I know this book is supposed to be a seminal work in crime fiction whose style has been much imitated, but a lot of it was lost on me. The main problem was the 1930s American slang, which I found hard to follow. Not only did I miss a lot of the wisecracks in the dialogue, but also much of Chandler’s descriptive prose. This was mitigated to some extent by Chandler summing up the story so far every now and then.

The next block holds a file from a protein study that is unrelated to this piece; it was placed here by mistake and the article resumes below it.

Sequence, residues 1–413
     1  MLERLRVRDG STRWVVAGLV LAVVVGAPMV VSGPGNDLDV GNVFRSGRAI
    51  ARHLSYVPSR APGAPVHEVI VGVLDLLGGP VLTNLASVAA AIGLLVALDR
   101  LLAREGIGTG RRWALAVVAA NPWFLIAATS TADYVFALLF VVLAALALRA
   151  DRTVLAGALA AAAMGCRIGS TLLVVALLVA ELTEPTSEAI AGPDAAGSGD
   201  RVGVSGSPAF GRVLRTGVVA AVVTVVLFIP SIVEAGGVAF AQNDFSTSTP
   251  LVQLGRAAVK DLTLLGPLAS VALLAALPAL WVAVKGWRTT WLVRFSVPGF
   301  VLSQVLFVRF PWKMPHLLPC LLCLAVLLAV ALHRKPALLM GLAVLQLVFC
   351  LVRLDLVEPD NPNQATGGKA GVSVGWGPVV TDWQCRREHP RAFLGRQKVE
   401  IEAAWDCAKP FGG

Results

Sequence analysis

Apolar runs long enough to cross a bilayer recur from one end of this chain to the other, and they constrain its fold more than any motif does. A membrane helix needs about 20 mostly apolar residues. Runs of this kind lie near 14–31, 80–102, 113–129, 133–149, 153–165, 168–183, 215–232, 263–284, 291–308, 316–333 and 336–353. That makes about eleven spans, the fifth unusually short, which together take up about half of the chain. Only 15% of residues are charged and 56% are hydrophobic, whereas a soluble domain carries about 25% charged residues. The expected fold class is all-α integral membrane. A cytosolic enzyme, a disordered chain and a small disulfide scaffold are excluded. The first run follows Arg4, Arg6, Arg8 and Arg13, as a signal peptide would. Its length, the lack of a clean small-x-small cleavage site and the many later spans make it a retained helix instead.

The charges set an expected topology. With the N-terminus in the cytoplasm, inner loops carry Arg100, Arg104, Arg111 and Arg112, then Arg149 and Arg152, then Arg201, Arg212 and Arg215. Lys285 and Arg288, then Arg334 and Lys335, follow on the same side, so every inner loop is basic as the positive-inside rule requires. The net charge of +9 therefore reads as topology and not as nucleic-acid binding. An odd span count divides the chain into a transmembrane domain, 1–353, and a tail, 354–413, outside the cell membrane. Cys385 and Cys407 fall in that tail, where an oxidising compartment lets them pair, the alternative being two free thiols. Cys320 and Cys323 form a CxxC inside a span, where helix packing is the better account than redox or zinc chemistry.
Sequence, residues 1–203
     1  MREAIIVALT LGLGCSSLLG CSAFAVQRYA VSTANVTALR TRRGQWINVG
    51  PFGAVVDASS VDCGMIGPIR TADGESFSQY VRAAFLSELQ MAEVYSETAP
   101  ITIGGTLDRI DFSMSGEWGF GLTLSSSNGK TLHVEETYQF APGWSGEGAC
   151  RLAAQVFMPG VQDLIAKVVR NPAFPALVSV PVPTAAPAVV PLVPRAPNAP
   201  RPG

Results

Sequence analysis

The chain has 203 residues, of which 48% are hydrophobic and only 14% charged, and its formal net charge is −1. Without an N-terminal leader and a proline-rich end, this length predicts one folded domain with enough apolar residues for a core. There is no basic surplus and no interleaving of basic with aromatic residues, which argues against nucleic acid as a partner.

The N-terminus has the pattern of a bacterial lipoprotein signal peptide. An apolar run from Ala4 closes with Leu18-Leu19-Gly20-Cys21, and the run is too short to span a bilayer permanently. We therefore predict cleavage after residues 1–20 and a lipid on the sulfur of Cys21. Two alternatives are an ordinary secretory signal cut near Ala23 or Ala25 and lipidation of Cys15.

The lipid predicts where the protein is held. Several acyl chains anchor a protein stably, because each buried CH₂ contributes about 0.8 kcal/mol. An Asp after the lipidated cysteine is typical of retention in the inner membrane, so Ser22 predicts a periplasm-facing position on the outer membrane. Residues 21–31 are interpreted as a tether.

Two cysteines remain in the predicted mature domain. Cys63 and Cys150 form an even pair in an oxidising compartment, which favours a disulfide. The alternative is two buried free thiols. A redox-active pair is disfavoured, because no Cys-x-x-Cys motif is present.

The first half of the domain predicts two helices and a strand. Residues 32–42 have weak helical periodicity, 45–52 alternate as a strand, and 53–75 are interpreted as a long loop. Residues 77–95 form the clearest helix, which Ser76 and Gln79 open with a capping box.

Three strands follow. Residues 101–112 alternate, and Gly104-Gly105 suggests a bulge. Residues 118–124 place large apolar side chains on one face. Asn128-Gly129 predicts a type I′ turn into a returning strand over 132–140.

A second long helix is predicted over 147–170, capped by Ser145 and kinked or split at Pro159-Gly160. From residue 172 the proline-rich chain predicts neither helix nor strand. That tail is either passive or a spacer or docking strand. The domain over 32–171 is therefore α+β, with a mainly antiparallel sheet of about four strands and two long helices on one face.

Then for my taste the descriptive passages were too long: I don’t want to know the details of every item in a room unless it’s relevant to the plot.
The plot itself is reasonable, but the protagonist Philip Marlowe doesn’t solve the case through any deductive powers but by merely arriving at each scene and bumping into one of the bad (or good) guys. One murder does remain unsolved however.
The mood is captured very well. This is not the sunny California of beaches and surfing, but autumn when it’s always raining or threatening to rain. This darkness is present in most of the characters giving a noir feel to the whole book. 3 stars.